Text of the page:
Executive Interview with Derek Sylvester posted on Llenrock’s Blog

February 7, 2013

Derek Sylvester

Executive Interview: Derek Sylvester, Gulph Creek Hotels

Wayne, PA, February 7, 2013 – Eric Hawthorn featured Derek Sylvester in the Llenrock Blog on Llenrock’s website, www.llenrock.com.

Derek Sylvester joined Pennsylvania-based Gulph Creek Hotels in 2006. Prior to this company, he held management positions with Marriott Hotels & Resorts. He has also served as a consultant with Pannell Kerr Forster, Restaurant Advisory Services and Sylvester Consulting Group. Mr. Sylvester’s development experience includes the Palace at Somerset Park in Somerset, New Jersey; Castle Hill Inn & Resort in Newport, Rhode Island; and the redevelopment of the Hotel Hershey in Pennsylvania and the Wyndham Bermuda Resort in Southampton, Bermuda. He holds a B.S. from Cornell University School of Hotel Administration.

Q: What is your favorite part of your job? What is your least favorite?

I enjoy the diversity of my job. I spend time in sales – prospecting and pitching new contracts, acquisitions, capital raising and development. A good portion of my time is spent in operations – reviewing numbers, sales & marketing, leadership reviews, team building and owner/investor relations. I also oversee our new hotel development projects – permitting, design, construction and openings. We have ten hotels in varying stages of the development process.

Q: How has Gulph Creek Hotels’ strategy changed in light of present economic conditions? Have you expanded/narrowed your focus?

We have expanded our focus to acquiring and managing hotels within the wider geographic radius of New York to D.C. and are looking at more turnaround, value-add opportunities in both the select-service and full-service segments. We are spending more time looking for development sites and opportunities now that the hotel metrics and financing markets have improved.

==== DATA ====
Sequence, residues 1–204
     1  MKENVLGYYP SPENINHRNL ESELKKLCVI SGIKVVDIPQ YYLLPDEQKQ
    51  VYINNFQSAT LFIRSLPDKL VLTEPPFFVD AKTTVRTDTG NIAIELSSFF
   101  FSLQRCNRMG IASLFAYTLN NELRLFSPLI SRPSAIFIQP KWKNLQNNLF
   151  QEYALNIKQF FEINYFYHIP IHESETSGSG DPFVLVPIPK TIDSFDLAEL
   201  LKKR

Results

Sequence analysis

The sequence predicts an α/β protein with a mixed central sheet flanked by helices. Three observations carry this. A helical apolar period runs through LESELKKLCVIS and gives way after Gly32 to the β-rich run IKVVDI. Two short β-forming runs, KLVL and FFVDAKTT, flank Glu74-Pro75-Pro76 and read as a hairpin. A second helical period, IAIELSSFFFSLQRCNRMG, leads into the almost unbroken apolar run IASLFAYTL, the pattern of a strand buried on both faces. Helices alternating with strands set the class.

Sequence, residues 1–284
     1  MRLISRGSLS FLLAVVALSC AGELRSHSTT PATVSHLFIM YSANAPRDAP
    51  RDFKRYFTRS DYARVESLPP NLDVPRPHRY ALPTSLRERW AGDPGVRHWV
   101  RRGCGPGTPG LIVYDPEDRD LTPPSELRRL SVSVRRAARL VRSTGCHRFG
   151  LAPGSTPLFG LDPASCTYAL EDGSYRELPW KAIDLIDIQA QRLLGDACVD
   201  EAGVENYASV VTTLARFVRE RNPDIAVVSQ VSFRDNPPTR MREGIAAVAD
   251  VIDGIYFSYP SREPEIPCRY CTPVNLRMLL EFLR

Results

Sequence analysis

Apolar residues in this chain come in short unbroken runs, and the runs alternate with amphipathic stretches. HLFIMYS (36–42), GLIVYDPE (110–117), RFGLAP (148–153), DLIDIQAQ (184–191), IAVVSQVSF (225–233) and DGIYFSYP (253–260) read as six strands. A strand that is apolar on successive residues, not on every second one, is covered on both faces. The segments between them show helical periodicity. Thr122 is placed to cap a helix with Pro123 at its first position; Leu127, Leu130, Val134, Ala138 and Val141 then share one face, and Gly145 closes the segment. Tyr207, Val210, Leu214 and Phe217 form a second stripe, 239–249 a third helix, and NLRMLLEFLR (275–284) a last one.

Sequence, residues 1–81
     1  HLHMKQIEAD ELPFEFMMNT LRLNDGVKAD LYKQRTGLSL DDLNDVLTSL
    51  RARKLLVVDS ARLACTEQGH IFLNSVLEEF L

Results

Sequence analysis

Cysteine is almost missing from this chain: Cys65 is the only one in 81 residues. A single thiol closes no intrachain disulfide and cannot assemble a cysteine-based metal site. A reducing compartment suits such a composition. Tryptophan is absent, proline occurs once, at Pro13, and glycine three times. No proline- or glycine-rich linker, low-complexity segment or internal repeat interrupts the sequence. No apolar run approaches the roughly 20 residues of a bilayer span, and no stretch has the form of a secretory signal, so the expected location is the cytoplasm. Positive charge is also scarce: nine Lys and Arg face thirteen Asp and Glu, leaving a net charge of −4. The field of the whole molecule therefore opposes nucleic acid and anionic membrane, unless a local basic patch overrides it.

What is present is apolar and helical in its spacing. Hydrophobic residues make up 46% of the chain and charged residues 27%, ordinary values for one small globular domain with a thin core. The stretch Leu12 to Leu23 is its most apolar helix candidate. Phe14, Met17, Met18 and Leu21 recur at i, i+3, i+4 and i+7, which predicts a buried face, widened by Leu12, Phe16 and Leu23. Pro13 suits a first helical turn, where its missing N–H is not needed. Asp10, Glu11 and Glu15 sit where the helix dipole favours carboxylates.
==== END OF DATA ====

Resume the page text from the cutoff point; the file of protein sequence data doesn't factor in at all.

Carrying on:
Q: In the last year or so, have you seen conditions in the hospitality sector change? For better or worse?

The lodging sector seems to have stabilized, which is very positive given the declines and uncertainty we experienced from 2008 to 2010.

Q: You have done a lot of work with resort hotels, such as properties in Bermuda, Hershey, PA and Newport, RI. What unique challenges come with operating and developing properties specifically for leisure travelers?

Resorts are obviously capital intensive and highly seasonal businesses. The public thinks that the off-seasons are time for resort owners and operators to relax and take time off. I have found that the off-seasons are the most critical times for planning and executing new strategies, and implementing operational changes and vital capital improvements to ensure peak season success – all with a significantly reduced operating team. It’s challenging, but very rewarding.

Resort sales and marketing is typically not a direct sell, like it is with a business hotel such as a Courtyard or Hilton Garden Inn. Focusing marketing efforts on building repeat guests is a great strategy and is getting increasingly sophisticated, but resorts need new first-time guests each year. Successfully communicating to the marketplace each and every year that our resorts stand-out and offer new amenities and offerings is integral to improving the resort’s performance. The peak, shoulder and off-peak seasons all require distinctly different marketing and operating strategies.